Would Imran Khan make a good prime minister for Pakistan? It’s a question that draws strong views from all sides of the Pakistani political spectrum. He’s a polarising candidate: you either love him or hate him. For many, the cricketing hero, turned social justice campaigner, induces paeans of passion. Others deride him as a Taliban stooge. However, there are a few of us still vacillating over his suitability as a leader.
He was in Britain this week, promoting his new book, Pakistan: A Personal History and gave an in-depth interview to The Guardian. The interview displayed all the best and worst of King Khan. On the negative side, we saw the egotism, stubbornness and political naivety. Yet, he also exhibited passion (and compassion for his countrymen), purpose and immense bravery. One suddenly realised what an immense toil this man’s decision to enter politics has had on his life. He has sacrificed his marriage, and thus access to his two boys, for the sake of his country. Life after cricket could have been an endless merry-go-round of endorsements, commentary and Chelsea homes. Lord knows he had earned it. That would have been the easy option. Instead, he chose “Kamran Khan kay sath,” Islamabad and the grubbiness of politics. For that he should earn our respect. He is clearly a decent, honourable and a good man, in a country lacking few genuine inspirational role models. Yet, I, like many, still find it hard to support him.
Firstly, let’s take the egotism. Imran Khan and the Pakistan Tehreek-i-Insaf (PTI) are interchangeable. Without the former, there is no latter. In the 15 years since its inception, he has failed to make the party anything other than a party for his political aspirations. So closely are the party and its leader aligned in the public image that the PTI may as well call itself the Imran Khan party. Unlike a Lincoln or an Obama, he has failed to reach across the aisle attracting real political talent. Could Imran open his arms to the Pakistani equivalent of Hillary Clinton or Robert Gates? (And I don’t count Shireen Mazari as talent.) This is not a party of intellectuals or political heavyweights. It’s a party of yes-men, doing the bidding of their chairman. This is not leadership. Instead, it demonstrates either a fatal inability to attract talented people, or insecurity in one’s own ability. How can he prevail in negotiations with fellow statesmen when he’s unable to attract people of serious calibre?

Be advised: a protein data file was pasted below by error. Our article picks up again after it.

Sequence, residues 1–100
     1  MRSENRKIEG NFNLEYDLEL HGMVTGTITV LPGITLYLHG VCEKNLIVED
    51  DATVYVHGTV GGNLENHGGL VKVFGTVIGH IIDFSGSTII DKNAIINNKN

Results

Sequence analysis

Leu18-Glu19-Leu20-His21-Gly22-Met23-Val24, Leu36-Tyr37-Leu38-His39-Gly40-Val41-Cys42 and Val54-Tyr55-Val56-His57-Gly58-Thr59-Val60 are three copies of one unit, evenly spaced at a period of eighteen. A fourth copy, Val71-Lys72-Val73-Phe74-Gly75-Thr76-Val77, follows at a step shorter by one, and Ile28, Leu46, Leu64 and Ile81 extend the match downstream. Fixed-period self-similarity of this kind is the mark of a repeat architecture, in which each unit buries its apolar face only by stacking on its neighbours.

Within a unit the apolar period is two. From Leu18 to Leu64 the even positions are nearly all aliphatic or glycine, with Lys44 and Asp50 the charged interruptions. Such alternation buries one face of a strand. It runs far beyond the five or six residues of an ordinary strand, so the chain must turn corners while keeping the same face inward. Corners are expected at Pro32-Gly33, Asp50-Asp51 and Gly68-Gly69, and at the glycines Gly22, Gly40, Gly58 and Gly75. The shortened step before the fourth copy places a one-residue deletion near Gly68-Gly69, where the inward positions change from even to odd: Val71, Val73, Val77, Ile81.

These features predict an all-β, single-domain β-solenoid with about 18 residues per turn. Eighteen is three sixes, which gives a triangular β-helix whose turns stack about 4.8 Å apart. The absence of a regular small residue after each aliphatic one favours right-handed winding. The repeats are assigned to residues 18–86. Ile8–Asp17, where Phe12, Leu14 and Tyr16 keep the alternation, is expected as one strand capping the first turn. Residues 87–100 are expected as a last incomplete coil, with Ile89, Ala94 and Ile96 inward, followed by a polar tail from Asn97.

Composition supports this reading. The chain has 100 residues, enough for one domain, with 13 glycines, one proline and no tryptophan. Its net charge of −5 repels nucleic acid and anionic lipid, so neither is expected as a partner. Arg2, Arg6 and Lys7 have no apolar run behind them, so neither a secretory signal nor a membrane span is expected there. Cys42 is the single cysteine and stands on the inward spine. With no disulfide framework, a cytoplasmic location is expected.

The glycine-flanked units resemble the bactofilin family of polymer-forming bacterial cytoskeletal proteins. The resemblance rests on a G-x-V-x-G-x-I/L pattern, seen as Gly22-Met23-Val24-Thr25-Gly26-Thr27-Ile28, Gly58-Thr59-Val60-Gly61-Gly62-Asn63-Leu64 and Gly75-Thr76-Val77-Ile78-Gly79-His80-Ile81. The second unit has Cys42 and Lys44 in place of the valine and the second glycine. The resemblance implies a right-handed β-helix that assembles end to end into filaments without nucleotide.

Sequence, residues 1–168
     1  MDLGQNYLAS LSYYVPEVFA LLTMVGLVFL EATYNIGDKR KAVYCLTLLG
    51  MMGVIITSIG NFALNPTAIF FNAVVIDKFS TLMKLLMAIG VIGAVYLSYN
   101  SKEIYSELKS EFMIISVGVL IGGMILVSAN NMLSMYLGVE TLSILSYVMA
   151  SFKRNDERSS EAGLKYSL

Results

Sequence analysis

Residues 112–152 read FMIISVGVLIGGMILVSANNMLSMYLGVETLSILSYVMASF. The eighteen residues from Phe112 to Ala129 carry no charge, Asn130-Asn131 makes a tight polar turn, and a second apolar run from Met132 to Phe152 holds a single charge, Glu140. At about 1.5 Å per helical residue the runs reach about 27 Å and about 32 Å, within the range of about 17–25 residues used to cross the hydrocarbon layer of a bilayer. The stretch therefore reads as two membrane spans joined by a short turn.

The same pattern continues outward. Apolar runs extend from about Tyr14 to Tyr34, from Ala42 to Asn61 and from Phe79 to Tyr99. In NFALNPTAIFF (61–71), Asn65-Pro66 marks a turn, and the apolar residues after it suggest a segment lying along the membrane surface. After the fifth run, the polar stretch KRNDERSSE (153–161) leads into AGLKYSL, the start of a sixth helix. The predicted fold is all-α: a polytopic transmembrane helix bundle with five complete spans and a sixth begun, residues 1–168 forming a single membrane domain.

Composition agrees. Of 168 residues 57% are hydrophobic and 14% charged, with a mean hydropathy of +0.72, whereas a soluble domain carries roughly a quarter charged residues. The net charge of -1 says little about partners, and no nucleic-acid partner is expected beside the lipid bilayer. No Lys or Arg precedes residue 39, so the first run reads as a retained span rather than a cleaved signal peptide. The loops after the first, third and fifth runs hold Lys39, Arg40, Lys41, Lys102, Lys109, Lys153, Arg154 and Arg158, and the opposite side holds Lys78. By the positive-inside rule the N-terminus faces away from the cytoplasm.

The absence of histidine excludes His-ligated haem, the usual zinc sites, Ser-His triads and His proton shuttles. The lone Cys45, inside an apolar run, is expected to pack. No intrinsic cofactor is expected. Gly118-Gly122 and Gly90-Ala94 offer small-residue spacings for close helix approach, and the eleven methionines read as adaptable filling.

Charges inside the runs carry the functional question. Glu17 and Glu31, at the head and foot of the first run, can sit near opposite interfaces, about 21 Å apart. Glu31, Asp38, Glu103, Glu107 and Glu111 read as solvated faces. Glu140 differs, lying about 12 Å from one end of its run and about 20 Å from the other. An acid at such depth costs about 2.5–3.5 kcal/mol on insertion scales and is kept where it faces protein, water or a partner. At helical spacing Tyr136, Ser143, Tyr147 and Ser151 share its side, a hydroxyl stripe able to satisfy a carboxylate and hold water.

Flashes of the same egotism that he displayed after winning the World Cup — talking about himself rather than his team — were also present in The Guardian interview. Here he was discussing cutting deals with other parties: “The old parties are all petrified of me now. They all want to make alliances with me and I say: ‘No, I’m going to fight all of you together because you’re all the same.’” This is a serious problem for Khan. His pronouns need to change if he’s truly to inspire — more we and less me. For all his talk of being a radical outsider fighting a corrupt elite, he often comes across as just another strong man out to save Pakistan. A Bhutto or a Musharraf could have uttered that very same sentence. We need leaders who can develop teams, parties and institutions, not another man with a messiah complex.